The Dark Side Of Starlight: Susan Boyle's 'Emotional Breakdown' Fame isn't easy. In the wake of Susan Boyle's "emotional breakdown" amid the Britain's Got Talent competition, Jake Halpern suggests that reality show contestants should undergo psychological vetting.
NPR logo The Dark Side Of Fame: Susan Boyle's 'Breakdown'

The Dark Side Of Fame: Susan Boyle's 'Breakdown'

Susan Boyle, star of Britain's Got Talent, returns to her home May 8 in Blackburn, West Lothian, Scotland. Jeff J Mitchell/Getty Images hide caption

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Jeff J Mitchell/Getty Images

Susan Boyle, star of Britain's Got Talent, returns to her home May 8 in Blackburn, West Lothian, Scotland.

Jeff J Mitchell/Getty Images

Jake Halpern is the author of Fame Junkies. Courtesy of Jake Halpern hide caption

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Courtesy of Jake Halpern

Jake Halpern is the author of Fame Junkies.

Courtesy of Jake Halpern

Today the entertainment world is buzzing with the news that singer Susan Boyle has suffered an "emotional breakdown" and checked into a medical clinic. This unassuming, middle-aged woman from Scotland has quickly become the world's favorite underdog thanks to her performances on the British reality TV contest Got Talent. Boyle has widely been described in the press as "dowdy" and "unglamorous," and yet she went on to become a worldwide sensation with her spirited and melodious rendition of "I Dreamed a Dream" from Les Miserables. Now, however, Boyle appears to be the latest casualty of the fame machine.

Instant fame always seems to mess people up, but in the past century or so, perhaps no one has handled it better than Alvin York. York grew up in the late 1800s in the wild backwaters of Tennessee, where he hunted squirrels for food. He quickly turned into a marksman with almost preternatural abilities. But it wasn't until World War I that York really distinguished himself.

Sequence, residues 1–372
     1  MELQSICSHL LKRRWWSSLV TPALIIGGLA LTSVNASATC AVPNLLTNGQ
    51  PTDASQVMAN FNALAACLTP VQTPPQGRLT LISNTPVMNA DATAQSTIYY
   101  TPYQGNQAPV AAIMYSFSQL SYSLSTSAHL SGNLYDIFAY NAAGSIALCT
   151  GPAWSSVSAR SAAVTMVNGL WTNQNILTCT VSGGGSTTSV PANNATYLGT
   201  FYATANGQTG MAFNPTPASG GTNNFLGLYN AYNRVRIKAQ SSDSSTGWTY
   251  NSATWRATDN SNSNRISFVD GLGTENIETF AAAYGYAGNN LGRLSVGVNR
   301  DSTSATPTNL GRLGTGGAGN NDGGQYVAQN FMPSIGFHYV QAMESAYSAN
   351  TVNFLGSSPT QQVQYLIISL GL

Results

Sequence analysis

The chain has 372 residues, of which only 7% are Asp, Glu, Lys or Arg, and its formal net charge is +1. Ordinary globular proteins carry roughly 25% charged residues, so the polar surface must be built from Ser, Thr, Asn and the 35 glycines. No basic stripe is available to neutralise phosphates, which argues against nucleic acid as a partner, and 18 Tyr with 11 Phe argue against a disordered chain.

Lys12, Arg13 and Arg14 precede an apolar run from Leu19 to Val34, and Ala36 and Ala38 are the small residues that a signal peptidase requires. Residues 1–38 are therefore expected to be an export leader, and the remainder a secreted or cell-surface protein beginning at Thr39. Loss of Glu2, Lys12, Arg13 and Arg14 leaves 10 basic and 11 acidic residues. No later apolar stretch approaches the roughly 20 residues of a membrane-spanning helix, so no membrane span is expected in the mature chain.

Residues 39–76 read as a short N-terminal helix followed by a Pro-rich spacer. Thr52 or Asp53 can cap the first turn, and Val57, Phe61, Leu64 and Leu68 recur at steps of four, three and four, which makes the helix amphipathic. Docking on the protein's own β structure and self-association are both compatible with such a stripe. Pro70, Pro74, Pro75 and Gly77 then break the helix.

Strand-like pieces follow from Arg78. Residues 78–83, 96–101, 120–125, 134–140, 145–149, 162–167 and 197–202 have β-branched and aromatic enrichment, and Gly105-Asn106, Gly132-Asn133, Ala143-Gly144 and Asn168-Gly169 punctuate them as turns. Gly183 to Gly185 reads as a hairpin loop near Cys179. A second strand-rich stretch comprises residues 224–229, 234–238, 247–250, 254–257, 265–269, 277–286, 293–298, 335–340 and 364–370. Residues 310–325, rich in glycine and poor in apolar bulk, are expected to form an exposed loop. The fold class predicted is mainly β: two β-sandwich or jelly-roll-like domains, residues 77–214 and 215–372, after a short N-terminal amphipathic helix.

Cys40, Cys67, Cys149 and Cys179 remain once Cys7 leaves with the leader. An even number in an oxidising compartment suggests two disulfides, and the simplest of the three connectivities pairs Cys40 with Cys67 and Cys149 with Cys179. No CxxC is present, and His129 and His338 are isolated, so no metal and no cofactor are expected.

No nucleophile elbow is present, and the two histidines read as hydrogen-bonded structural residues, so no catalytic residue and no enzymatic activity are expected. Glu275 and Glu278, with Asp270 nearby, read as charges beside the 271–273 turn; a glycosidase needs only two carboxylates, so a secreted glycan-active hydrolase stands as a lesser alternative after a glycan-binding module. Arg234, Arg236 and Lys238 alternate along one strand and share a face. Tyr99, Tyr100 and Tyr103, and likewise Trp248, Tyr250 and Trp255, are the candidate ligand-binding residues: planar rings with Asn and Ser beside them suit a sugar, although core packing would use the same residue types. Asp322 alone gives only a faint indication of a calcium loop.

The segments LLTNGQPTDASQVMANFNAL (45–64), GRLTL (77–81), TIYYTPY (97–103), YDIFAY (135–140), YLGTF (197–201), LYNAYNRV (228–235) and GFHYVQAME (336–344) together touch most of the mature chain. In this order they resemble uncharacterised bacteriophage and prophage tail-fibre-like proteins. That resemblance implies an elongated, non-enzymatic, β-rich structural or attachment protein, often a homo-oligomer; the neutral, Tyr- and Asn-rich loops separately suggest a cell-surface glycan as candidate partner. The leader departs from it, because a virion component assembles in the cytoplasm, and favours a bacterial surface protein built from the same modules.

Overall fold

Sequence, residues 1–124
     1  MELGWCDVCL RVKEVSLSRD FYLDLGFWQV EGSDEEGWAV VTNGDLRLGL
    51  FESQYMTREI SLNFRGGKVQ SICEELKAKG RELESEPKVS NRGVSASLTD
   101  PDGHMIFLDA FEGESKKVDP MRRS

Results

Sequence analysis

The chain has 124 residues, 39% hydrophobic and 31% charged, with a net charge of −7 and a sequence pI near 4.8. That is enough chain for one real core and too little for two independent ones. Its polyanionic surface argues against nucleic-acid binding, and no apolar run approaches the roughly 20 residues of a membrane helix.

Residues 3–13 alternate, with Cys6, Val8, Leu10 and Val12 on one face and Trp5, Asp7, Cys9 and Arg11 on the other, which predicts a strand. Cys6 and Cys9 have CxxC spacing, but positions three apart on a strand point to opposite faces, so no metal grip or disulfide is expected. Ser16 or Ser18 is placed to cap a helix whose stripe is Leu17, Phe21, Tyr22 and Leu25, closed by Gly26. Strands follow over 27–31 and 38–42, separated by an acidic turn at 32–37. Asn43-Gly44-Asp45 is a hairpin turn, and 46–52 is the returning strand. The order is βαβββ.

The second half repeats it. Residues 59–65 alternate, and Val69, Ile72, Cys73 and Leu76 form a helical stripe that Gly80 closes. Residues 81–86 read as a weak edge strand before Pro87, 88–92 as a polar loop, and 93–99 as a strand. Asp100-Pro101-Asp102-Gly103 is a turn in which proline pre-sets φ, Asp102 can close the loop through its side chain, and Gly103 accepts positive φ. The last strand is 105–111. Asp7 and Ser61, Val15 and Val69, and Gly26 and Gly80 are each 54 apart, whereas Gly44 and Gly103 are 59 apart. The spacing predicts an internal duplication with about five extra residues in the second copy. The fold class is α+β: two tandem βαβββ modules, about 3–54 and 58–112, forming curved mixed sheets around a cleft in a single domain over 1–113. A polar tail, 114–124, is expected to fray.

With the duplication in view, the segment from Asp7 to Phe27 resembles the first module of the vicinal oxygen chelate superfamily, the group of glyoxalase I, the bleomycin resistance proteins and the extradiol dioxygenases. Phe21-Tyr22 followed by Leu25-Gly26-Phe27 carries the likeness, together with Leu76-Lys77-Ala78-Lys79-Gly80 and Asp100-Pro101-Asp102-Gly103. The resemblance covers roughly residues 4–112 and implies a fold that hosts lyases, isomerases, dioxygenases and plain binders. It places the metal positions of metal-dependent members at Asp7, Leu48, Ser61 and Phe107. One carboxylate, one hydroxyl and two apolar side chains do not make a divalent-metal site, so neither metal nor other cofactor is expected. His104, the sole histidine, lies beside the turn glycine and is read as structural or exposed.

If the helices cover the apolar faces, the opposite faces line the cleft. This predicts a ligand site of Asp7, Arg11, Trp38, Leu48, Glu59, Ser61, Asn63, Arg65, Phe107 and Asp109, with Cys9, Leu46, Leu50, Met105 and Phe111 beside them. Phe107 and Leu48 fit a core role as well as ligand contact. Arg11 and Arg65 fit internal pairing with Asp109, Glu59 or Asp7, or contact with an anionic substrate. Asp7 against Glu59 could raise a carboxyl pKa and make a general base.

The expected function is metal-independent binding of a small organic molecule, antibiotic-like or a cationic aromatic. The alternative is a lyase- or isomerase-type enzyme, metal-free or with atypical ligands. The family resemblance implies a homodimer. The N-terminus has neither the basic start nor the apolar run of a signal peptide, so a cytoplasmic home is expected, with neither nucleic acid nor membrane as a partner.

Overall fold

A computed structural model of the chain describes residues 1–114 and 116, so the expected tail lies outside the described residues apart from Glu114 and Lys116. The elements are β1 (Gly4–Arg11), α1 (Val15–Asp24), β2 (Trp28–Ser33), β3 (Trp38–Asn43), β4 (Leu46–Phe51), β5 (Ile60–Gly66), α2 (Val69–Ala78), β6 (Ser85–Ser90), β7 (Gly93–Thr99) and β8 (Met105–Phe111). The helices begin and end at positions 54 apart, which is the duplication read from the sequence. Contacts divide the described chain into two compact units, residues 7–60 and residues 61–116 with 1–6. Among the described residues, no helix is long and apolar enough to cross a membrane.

As legend goes, York was ordered to attack a German machine-gun position. In the epic shootout that ensued, York was successful and single-handedly picked off 28 enemy soldiers. The Germans surrendered to York, and he marched back to base with 132 prisoners.

York instantly became a celebrity. American newspapers heralded him as a hero and, upon returning to the U.S., he received a ticker-tape parade. This seemed to have little effect on him. "I sure wanted to get back to my people where I belonged, and the little old mother and the little mountain girl who were waiting," he wrote in his diary. And that's just what he did.

York survived his fame, perhaps in large part because of the era in which he lived. No Internet and no TV made for less hassle. Today, the far more common tale seems to be more similar to Susan Boyle's. You know the storyline: An ordinary citizen briefly becomes famous — often for acts of heroism. The media goes nuts. Then the person suffers a breakdown or even commits suicide.

There is Bob Long, for example, who participated in the effort to rescue the nine miners from Somerset, Pa. Long was the only rescuer to be included with the miners in their lucrative book-and-movie deal. This caused trouble for Long, and he ultimately killed himself. There is Sgt. Terrance Yeakey, who rescued a number of people during the Oklahoma City bombing, was hailed as a hero and then took his own life. And, of course, there is Robert O'Donnell, who rescued "baby Jessica" from the well. As O'Donnell turned into yesterday's news, he became increasingly disillusioned, and he too took his own life. "I'm sorry to check out this way," he wrote on a scrap of paper that became his suicide note. "But life sucks."

Given all this, you'd think TV shows like Got Talent would do rather extensive psychological testing on their finalists. Astronauts have to do this, spies have to do this, even police have to do this. So why not Susan Boyle? Such a testing could, perhaps, weed out people who were unstable, overly sensitive or simply out of touch with reality.

But the truth is, reality TV thrives on the spectacle of how people weep and even break down when faced with public praise or humiliation. That's why so many viewers tune in. And besides, if such a test were ever implemented, it would — in all likelihood — eliminate 99 percent of the candidates who wanted to participate and make for very boring TV. And we can't have that, now — can we?